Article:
Canicross – the sport of champions! Is it for you?  Here’s what you need to know to get started! - DoggyLoveandMore

Canicross – the sport of champions! Is it for you?  Here’s what you need to know to get started!

People running with their dogs in a Canicross event.

What is Canicross?  Canicross is cross-country running with your dog.  It is a popular sport in Europe and the U.K.  It was originally intended to provide sledding dogs with summer exercise and training but has turned into a global sport with world championship titles.  The word Canicross comes from the combination of ‘canine’ and ‘cross-country’ running. It has also been called urban mushing.  

Canicross is a very unique sport.  Instead of just running with your dog, you run with your dog tethered to you by a special bungee type leash and harness that allows them to get full range of motion in their shoulders. The idea is that instead of pulling a sled, your dog pulls you. It is a great sport for those that love running, trails and the great outdoors.  Sound interesting?  Read on!

This video gives you a little overview of the sport:


Canicross can be done on all terrains – forests, trails, mountains, and beaches.  In fact, the more varied the terrain, the better equipped your dog will be to handle any trail you take them to.  This video captures some amazing beach Canicross footage:

Interestingly enough, running with a dog makes you a faster runner.  Even though they are tethered to you, in order to keep the right balance between you, you have to find a pace that suits you both.  As we all know, dogs run fast so running with them means you move faster.  Check out this video showing a man timing his run with his dog and without his dog.  There is a real difference in speed!

The key to getting a good pace going and running successfully together is getting your dog to push into the harness and run in front of you.  That way they actually move you along a little faster.  Check out this video of a champion Canicrosser:

You can do Canicross with any size or breed of dog.  The key is making sure that you both like running!  Puppies should not participate until they are over 1.5 years old.  If you are curious which dogs are considered the best running partners, here’s our top 10 round up:

  • Weimaraner
  • Dalmatian
  • Viszla
  • German Shorthaired Pointer
  • Rhodesian Ridgeback
  • Doberman Pinscher
  • English Springer Spaniel
  • American Foxhound
  • Saluki
  • Belgian Malinois

Once you have your running buddy picked out, you should get the Vet to check that your dog is healthy and has an open airway.  Then, you can get the equipment.  There are essentially 3 pieces of equipment that you need for Canicross:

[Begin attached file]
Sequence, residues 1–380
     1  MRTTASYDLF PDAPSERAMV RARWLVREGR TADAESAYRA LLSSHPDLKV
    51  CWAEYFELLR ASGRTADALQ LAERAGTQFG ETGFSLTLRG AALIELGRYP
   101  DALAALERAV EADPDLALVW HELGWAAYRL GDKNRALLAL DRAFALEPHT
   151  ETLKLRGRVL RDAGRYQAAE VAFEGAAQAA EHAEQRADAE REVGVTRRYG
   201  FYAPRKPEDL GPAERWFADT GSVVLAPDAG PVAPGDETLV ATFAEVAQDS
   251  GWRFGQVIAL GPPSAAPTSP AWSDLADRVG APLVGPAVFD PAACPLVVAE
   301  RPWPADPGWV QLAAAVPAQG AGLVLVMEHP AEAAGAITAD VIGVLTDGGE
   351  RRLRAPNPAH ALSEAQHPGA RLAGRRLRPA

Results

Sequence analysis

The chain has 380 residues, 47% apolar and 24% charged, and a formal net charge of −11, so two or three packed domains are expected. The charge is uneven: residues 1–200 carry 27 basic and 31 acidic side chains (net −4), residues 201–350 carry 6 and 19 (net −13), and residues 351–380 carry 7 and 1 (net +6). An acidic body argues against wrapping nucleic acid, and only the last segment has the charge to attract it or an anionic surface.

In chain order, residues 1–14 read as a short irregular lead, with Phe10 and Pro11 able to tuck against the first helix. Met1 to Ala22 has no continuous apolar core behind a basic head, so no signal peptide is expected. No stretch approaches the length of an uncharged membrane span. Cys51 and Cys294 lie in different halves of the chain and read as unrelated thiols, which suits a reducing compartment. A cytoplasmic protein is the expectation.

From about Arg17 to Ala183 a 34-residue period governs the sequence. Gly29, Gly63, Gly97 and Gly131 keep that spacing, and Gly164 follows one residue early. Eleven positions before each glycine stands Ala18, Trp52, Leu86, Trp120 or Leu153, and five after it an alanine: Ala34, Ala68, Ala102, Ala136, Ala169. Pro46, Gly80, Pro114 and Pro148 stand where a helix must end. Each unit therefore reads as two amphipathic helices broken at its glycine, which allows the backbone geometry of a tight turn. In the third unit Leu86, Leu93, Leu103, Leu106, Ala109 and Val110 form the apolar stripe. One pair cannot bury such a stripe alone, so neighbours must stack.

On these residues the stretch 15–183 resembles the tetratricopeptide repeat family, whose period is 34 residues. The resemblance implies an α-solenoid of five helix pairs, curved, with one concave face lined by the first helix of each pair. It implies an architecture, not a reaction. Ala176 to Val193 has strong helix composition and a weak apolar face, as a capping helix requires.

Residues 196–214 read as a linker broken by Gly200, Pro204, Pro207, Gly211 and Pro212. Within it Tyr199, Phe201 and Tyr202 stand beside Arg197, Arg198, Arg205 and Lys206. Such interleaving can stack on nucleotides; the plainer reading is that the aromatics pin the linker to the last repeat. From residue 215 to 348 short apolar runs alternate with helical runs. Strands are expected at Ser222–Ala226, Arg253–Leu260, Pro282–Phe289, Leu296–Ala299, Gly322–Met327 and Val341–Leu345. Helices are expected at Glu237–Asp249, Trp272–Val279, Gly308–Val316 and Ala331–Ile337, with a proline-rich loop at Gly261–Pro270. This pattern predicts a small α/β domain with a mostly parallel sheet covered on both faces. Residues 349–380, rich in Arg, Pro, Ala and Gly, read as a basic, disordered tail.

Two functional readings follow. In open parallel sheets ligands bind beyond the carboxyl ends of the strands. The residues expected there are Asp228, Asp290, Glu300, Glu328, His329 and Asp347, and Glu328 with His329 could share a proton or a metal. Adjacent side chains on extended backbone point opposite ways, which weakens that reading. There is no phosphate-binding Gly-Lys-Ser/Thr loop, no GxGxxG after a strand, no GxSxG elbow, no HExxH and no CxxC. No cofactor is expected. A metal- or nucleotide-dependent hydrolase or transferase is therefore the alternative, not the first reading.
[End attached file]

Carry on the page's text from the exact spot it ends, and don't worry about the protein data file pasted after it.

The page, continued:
• Running harness for your dog
  • Bungee leash
  • Waist/hip belt for yourself to attach the bungee to

You should ensure that the harness allows the dog comfortable and full range of motion. You want to make sure that the harness does not push on their chest or rib cage and that it is shorter so that the dog doesn’t get pulled up when running with you.  The bungee leash is designed to absorb shock when you and your pup start running.  You want to make sure that the leash is not too long or too short. The standard length is 2 meter fully stretched.  Finally, your waist belt should allow for expansion for when you wear more layers.  A hip belt is usually used by stronger runners.  This kit is a great all-in-one kit for those starting out. 

Once you have your equipment, you can start incorporating short bursts of running into your daily walks and after a while, move to longer distance running. 

One critical skill to teach your dog is to listen to commands.  There are standard commands that are used, which are similar to those used by mushers.  You don’t have to use these commands.  Basically, you want to make sure your dog understands commands for directions, slow down, speed up, and stand still.  To get a sense of how to teach the commands, check out this video:

If Canicross sounds interesting to you, you may also want to check out Bikejor and Skijor.  Bikejor is based on the same concept - a cyclist is tethered to their dog who runs in front of them.  Skijor is similar.  It involves a skier who is tethered to their dog who runs in front of them.  Canicross is unique in that the runner cannot rely on a bike or skis to propel them and help them keep up with the dog.

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